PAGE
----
Don’t Let Estate Taxes Force Your Family Business into Liquidation - Think Outside the Tax Box

Don’t Let Estate Taxes Force Your Family Business into Liquidation

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My mom knew she was going to die. And she knew it would be sooner rather than later. Unfortunately, it was much sooner than she expected. She had time to put her personal affairs in order but ran out of time for figuring out succession planning for her business. Transitioning her sole-shareholder S-corporation shares over to me upon her death should have been straightforward. It wasn’t. But that’s a subject for another article.

Transitioning a family business upon the death of an owner or a significant stakeholder (partner or shareholder) is never easy. Having to grapple with how to pay estate taxes on a closely held business can add complexity and stress to an already fraught process.

With proper planning, however, family and other closely held businesses can avoid having to liquidate assets or sell shares or partnership interests to pay estate taxes. Insurance arrangements, operating agreements that include buy-sell provisions, and gifting strategies can all help to ensure a family business remains in the family and can pay any associated estate taxes.[1] But what happens in the absence of proper planning? What happens when beneficiaries inherit a business they would like to keep family owned or closely held, but which is not liquid enough to pay the associated estate taxes within the required nine months? IRC Section 6166 can come to the rescue.

IRC Section 6166 Overview

In general, IRC Section 6166 gives the executor of a decedent with “an interest in a closely held business” five years to defer payment of the estate taxes[2] and allows for up to 10 years’ worth of installment payments.[3] In other words, if an estate qualifies for relief under IRC Section 6166, the beneficiaries have five years to figure out how to pay and another 10 years to make the payments.

The devil, as always, is in the details. Not every closely held business will qualify. First, the decedent must be a citizen or resident of the U.S. and the value of the decedent’s interest in the closely held business must exceed 35 percent of the adjusted gross estate. Just over one-third of the decedent’s estate must be their interest in the closely held business to qualify under Section 6166.[4]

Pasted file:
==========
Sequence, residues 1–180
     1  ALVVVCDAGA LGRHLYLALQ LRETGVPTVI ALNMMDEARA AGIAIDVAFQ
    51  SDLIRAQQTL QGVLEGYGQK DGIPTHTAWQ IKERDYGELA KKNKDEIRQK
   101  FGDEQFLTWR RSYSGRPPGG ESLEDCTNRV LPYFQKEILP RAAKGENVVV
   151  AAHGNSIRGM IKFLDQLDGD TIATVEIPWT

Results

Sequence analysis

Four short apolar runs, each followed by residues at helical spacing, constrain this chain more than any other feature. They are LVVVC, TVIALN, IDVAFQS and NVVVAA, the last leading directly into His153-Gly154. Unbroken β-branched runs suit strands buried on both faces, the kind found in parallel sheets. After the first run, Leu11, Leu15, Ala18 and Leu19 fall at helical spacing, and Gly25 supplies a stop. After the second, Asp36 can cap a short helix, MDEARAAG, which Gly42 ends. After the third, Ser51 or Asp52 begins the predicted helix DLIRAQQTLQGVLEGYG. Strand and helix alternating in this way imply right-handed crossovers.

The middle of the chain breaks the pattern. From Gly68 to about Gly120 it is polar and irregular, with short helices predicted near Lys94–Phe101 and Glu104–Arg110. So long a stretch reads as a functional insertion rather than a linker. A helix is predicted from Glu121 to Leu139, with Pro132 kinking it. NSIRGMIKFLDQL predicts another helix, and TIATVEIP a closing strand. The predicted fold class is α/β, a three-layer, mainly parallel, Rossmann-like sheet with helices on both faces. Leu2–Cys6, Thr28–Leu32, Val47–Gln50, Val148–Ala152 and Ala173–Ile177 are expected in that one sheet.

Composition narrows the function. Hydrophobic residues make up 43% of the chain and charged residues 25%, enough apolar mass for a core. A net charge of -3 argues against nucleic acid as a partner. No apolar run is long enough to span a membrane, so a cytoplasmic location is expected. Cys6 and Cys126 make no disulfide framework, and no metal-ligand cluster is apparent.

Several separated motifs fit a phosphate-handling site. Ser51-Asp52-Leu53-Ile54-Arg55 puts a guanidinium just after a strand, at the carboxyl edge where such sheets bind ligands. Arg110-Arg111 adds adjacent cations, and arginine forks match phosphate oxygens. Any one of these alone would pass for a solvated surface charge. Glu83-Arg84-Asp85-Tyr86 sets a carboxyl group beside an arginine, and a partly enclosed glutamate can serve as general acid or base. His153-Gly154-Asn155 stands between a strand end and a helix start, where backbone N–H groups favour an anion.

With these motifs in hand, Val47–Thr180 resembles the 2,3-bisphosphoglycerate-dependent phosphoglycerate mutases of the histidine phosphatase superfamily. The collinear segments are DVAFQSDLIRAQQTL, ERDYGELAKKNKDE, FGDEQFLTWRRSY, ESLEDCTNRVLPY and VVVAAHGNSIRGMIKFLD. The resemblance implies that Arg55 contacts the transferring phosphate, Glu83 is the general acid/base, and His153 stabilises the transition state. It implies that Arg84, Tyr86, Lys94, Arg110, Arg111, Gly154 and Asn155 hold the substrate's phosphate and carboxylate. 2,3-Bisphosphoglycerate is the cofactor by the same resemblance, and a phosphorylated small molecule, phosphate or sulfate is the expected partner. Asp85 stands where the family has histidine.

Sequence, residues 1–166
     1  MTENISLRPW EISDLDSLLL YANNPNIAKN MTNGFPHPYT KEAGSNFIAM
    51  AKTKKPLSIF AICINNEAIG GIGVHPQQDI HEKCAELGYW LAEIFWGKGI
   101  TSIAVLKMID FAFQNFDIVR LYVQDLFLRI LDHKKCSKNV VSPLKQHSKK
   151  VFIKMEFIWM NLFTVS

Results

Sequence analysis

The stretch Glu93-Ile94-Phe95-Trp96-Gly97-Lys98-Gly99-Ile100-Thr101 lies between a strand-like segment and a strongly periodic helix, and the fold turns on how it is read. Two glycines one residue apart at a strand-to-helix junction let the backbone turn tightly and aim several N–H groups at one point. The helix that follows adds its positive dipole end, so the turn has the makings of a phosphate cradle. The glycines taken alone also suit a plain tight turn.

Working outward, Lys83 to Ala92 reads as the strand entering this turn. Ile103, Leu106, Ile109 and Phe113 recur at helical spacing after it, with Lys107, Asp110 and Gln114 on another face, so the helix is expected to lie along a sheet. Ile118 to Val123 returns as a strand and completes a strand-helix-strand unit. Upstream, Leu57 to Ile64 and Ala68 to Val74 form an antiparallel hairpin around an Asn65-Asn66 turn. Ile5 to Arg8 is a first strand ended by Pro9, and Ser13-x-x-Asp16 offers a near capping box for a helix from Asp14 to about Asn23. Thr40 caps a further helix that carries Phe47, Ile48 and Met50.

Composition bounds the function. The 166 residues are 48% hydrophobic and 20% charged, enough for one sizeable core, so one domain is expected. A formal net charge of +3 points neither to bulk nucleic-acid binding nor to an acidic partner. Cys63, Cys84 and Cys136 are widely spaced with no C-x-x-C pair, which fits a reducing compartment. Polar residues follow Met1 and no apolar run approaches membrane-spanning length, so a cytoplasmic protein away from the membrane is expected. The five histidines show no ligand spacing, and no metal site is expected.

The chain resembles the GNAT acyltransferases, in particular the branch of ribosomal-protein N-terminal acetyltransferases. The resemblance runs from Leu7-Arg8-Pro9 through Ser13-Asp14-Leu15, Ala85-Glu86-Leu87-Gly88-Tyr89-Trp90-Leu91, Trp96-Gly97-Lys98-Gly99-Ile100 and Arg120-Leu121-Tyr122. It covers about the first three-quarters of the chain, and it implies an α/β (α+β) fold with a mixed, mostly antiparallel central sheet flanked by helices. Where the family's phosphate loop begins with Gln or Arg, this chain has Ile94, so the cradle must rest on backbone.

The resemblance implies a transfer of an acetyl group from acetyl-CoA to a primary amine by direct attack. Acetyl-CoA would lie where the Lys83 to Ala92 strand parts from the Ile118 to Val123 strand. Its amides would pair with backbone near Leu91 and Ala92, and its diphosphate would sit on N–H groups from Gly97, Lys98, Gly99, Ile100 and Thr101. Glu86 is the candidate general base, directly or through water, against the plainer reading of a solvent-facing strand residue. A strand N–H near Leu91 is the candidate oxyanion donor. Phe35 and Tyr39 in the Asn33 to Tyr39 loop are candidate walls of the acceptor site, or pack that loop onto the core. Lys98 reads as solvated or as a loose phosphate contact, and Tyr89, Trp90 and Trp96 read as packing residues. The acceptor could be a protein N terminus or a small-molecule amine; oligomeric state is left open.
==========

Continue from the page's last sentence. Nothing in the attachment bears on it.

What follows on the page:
The Code defines an interest in a closely held business as follows:

At the time immediately before the decedent’s death, the interest was:

  • As a proprietor in a trade or business carried on as a proprietorship;
  • As a partner in a partnership carrying on a trade or business, if either 20 percent or more of the total capital interest in the partnership is in the gross estate or the partnership had 45 or fewer partners; or
  • As stock in a corporation carrying on a trade or business if either 20 percent of the value of the voting stock of the corporation is in the gross estate or the corporation had 45 or fewer shareholders.

Community property under applicable state law or interests held by spouses as joint tenants, tenants by the entirety, or tenants in common are one shareholder when applying this code section. Additionally, because of the attribution rules of IRC Section 274(c)(4), “all stock and all partnership interests held by the decedent or by any member of his family…shall be treated as owned by the decedent.”[5]

Working the Numbers

The Section 6166 deferral does not allow an estate to defer all its estate taxes. The intent is to defer only those estate taxes that are related to the decedent’s interest in a closely held business. Consequently, the maximum deferral amount is limited to the amount that “bears the same ratio to the tax imposed by Section 2001 (reduced by the credits against such tax) as the closely held business amount bears to the amount of the adjusted gross estate.”[6] Here’s how that looks in math:

Adjusted gross estate’s definition is “the value of the gross estate reduced by the sum of the amounts allowable as a deduction under Section 2053 or 2054.”[7] Deductions under IRC Section 2053 or Section 2054 include items such as debts, funeral expenses, administration costs, mortgages, etc. The amount allowable as a deduction is a “facts and circumstances” determination as of the date (including extensions) for filing the estate tax return (or on the date the return is filed if it is filed before the applicable deadline).

The Section 2053 and Section 2054 deductions can be an important factor for qualifying the estate for the deferral if it is just over the 35 percent limit. Tax practitioners should take care to account for all possible deductions when determining the amount of the adjusted gross estate. For example, say, the decedent dies with a $33M gross estate of which $11M is an interest in a closely held business and the other $22M consists of other assets. The estate does not qualify for tax deferral under Section 6166. But if the estate has $1.6M of qualifying Sections 2053/2054 deductions (which could easily happen, depending on how highly leveraged the estate’s assets are) the adjusted gross estate is now $31,400,000 and the $11M represents just a tick over the 35 percent threshold for tax deferral. Also note that available charitable and marital deductions are not used to calculate the adjusted gross estate for purposes of Section 6166 deferral.[8]

Making the Election

The election must be made on a timely filed estate tax return (including extensions).[9] If made at the time of filing the estate tax return, the election is applicable both to the tax originally determined to be due and to certain deficiencies. “If no election is made when filing the estate tax return, up to the full amount of certain later deficiencies (but not any tax originally determined to be due) may be paid in installments.”[10],[11]

Make the election by attaching a notice of election containing the following information to a timely filed return:

  • The decedent’s name and TIN;
  • The amount of tax to be paid in installments;
  • The date of the first installment;
  • The number of annual installments, including the first installment;